Le Bonheur Children's Hospital
Lessons from COVID-19: Practices to Prevent Healthcare-Associated Infections
The cornerstone of the HAI prevention work done at Le Bonheur Children’s hospital even during the COVID-19 pandemic relates to consistent application of the prevention bundles established by the Children’s Hospitals Solutions for Patient Safety (SPS) national collaborative. Specifically, for CLABSI, CAUTI and SSI they have been working to achieve and sustain 90% compliance with the bundles, the point that leads to significant and sustained improvement.
Mid-way through 2020 Methodist Le Bonheur Children’s Hospital staff noticed an uptick in the number of nearly all HAI events, even as patient volume was decreasing.
To refocus their energy and efforts, they designated one of the three weekly COVID-19 Incident Command calls to Patient Safety. The call was led by the Chief Medical Officer.
From those multi-disciplinary discussions, they identified the following 4 projects:
- Stethoscope cleaning between patients – This team performed an evaluation with results demonstrating the lack of a standardized practice. The team developed guidelines, ensured product availability and training for all. This is currently rolling out across the organization.
- Environmental cleaning, including equipment, high touch surfaces and rooms of long term patients- although there were pockets of excellence with this practice, it was not standard throughout the hospital. This effort rolled out as a collaboration between nursing and Environmental Services staff.
- Enhancing communication to families related to daily CHG treatments – This effort is helping to solidify a change in language from CHG “bath” to “treatment” and gives providers consistent talking points about the need for these treatments as an infection prevention tactic.
- Back to Basics in the OR – this team collaborated even more closely with Environmental Services and Infection Prevention staff to validate implementation of best practices consistently.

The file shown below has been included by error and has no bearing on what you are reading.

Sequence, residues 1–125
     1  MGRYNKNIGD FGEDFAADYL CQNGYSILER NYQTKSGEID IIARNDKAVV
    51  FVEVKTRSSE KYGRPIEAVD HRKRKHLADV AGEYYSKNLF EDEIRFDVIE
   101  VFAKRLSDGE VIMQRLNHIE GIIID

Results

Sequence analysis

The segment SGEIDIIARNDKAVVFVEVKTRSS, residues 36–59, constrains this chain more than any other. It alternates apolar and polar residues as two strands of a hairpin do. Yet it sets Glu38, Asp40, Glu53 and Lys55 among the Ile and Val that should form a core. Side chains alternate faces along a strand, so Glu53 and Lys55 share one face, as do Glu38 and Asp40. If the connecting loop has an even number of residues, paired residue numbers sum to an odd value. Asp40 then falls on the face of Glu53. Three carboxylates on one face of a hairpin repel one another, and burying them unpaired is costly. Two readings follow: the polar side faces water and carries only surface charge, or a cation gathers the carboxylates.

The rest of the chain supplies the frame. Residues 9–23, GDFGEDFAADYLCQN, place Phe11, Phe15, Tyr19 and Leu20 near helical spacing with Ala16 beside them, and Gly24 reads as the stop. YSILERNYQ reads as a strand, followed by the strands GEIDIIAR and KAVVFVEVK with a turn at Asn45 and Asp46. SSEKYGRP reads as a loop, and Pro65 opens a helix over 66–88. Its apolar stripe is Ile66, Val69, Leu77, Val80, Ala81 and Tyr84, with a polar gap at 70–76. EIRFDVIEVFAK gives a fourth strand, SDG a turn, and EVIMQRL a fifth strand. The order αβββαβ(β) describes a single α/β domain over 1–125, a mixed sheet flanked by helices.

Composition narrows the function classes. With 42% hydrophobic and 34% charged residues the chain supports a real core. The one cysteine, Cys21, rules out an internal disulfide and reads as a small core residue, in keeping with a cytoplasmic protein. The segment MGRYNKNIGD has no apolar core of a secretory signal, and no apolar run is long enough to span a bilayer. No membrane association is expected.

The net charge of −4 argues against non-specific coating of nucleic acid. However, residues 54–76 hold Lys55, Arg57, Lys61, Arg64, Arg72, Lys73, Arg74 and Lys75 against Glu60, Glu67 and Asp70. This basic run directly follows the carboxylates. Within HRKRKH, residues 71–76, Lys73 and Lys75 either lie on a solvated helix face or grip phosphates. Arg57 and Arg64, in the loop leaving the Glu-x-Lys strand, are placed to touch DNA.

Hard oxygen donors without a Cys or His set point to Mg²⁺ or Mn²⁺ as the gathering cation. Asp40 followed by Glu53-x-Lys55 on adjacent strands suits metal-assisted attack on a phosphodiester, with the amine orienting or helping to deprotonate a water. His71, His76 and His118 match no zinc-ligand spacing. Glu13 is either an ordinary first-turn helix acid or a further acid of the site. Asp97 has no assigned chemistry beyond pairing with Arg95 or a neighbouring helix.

Calls have now moved from weekly to monthly, with the same focus on patient safety and identification of the next set of projects.
At the same time, the Neonatal Intensive Care Unit staff and providers, along with Infection Prevention, Infectious Disease physicians and Quality Improvement support focused on improvements specific to that department.
Following is a list of some of the interventions that have resulted in a reduction of HAI in the NICU:
- Essentially eliminated all line draws
- Focused on the Small Baby Unit
- Patient decolonization on admission
- Expanded CHG treatment to babies 4 weeks or 44 weeks PMA whichever comes later
- Three site screening and decolonization (nares, umbilicus, rectum) for all NICU patient on admission
- Implemented surgical grade hand scrub required for all entering the NICU. This product provides prolonged protection for up to 6 hours
- Families wearing gown on top of their cloths after using the scrub
- Implemented wearing of nothing below the elbows for all entering the NICU
- Collaborated with high performing children’s hospitals within the SPS network
- Expanded scope of decolonization outside the NICU
- Implemented CHG treatment on admission for eligible patients
- Started reporting CHG treatment compliance for eligible patients at Daily Safety Briefing (all units)
- Increased the number of hand hygiene observations across all units, all disciplines.
- Periodically revisit barriers that prevent ability to maintain 90% bundle compliance
- Implemented use of external catheters to replace Foleys when possible
- Daily reporting of the number of CVLs, Femoral lines and Foleys with days since insertion reported for Femoral lines and Foleys
- Implemented two RN collection of blood cultures